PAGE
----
What type of country do we live in? Different strokes for different folks they say. If not, how do we explain the fact that while we have millions of Nigeria living on below $1 a day we have citizens donating hundreds of millions to a ruling party that has done nothing to ease the burden on its citizens. Let’s not forget the Okereke –Onyuike/ Obama scandal that rocked the polity a few months back. A citizen holding a concert of some sorts to raise funds for a presidential candidate who did not seek her support and later went on to disown her. Why couldn’t fund raisers be held for the million and one people living in Ajegunle, Okokomaiko, Ota or the numerous orphanages in our vicinity who need this money?
Why is it that we on this side of the world are so stubborn? With his record setting rate of inflation, it is a mystery that President Robert Mugabe continues to rule. If it were in developed countries he either would have been voted out a long time ago or he would have resigned his post instead of sitting aloof like nothing has gone wrong. Talk about contrast, while the Jos Genocide was going on, the Indians had their own problems with the Mumbai terrorist attacks. The Indian Interior Minister resigned claiming moral responsibility. If someone had told me that the Plateau State Governor had resigned, the first thing I would have done was check my calendar to make sure it was not April 1st. What makes our situation more of a disgrace is that while we are being stubborn and refusing to move with the times other nations are? Ghana was able to conduct a free and fair election and will do the same when the run off holds on the 28th of December. In South Africa Jacob Zuma was able to depose his boss and party leader and ascend the Presidency. If that had been our beautiful country, only the gods know what would have happened. The recent Nuhu Ribadu witch hunt is just another of the numerous signs that for a country like ours to make Heaven we have to go through Hell.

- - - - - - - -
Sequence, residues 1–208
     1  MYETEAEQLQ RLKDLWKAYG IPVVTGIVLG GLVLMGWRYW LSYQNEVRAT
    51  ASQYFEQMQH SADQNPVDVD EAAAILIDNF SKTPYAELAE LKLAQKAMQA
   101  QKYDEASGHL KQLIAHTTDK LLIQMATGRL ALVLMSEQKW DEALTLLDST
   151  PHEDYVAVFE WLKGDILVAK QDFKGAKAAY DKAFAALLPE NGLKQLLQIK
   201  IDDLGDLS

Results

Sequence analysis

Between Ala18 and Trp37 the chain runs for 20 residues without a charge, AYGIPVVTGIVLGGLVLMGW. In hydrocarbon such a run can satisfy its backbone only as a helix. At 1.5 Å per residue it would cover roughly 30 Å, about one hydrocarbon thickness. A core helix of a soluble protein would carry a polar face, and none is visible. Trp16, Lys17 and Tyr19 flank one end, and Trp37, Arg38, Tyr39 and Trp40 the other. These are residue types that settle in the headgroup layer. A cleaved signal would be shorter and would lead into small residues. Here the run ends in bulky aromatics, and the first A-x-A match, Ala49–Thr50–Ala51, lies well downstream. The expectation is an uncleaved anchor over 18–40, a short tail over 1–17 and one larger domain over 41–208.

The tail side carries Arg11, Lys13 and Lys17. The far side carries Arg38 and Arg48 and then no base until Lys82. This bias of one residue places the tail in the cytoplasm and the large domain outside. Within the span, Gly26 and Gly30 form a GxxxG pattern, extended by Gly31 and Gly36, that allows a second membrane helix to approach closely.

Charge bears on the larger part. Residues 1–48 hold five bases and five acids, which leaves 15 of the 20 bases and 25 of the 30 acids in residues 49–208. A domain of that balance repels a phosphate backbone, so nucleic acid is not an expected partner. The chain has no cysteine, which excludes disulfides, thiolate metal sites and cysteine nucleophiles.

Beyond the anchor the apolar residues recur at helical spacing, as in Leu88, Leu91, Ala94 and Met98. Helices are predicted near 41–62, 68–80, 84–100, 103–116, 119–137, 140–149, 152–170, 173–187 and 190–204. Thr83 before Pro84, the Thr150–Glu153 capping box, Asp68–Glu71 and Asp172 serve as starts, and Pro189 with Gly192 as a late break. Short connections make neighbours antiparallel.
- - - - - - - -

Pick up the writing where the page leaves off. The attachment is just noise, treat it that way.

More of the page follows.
Whilst some may argue that we are actually moving forward we have to stand ourselves next to other developed countries and spot the differences. In developed countries we have support being rendered to unemployed citizens. In developed countries we have functional and efficient rail systems where both the rich and poor co habit. In developed countries we have a situation where there is no bigmanism. Earlier this year David Cameron, the Tory leader (main opposition party in the United Kingdom) had his bicycle stolen while he was shopping at a Tesco store. In Nigeria, is it possible to catch Bisi Akande or Edwin Ume Ezeoke riding a bicycle? Can we catch them at the local supermarket? In developed countries cars are more of a burden than blessing, with the presence of effective transportation systems ,no one wants to stress themselves with unnecessary ‘wahala’ looking for parking spaces where there are not or paying exorbitant parking fees. In developed countries there are state of the art power facilities and little or no blackouts. In Lagos we face as much as 5 electricity blackouts in a day. At the end of the month, a bill is sent to you demanding an atrocious sum of money.
This takes me back to the question which shares the title of this article. Is it a country that makes our hearts bleed when we think about her? Is it one who makes us wants to go the extra mile? The following weeks will determine. While all this goes on we can only hope that things begin to look up in the New Year and great things would finally come to our country.
This post was actually written on the 12th of december 2008.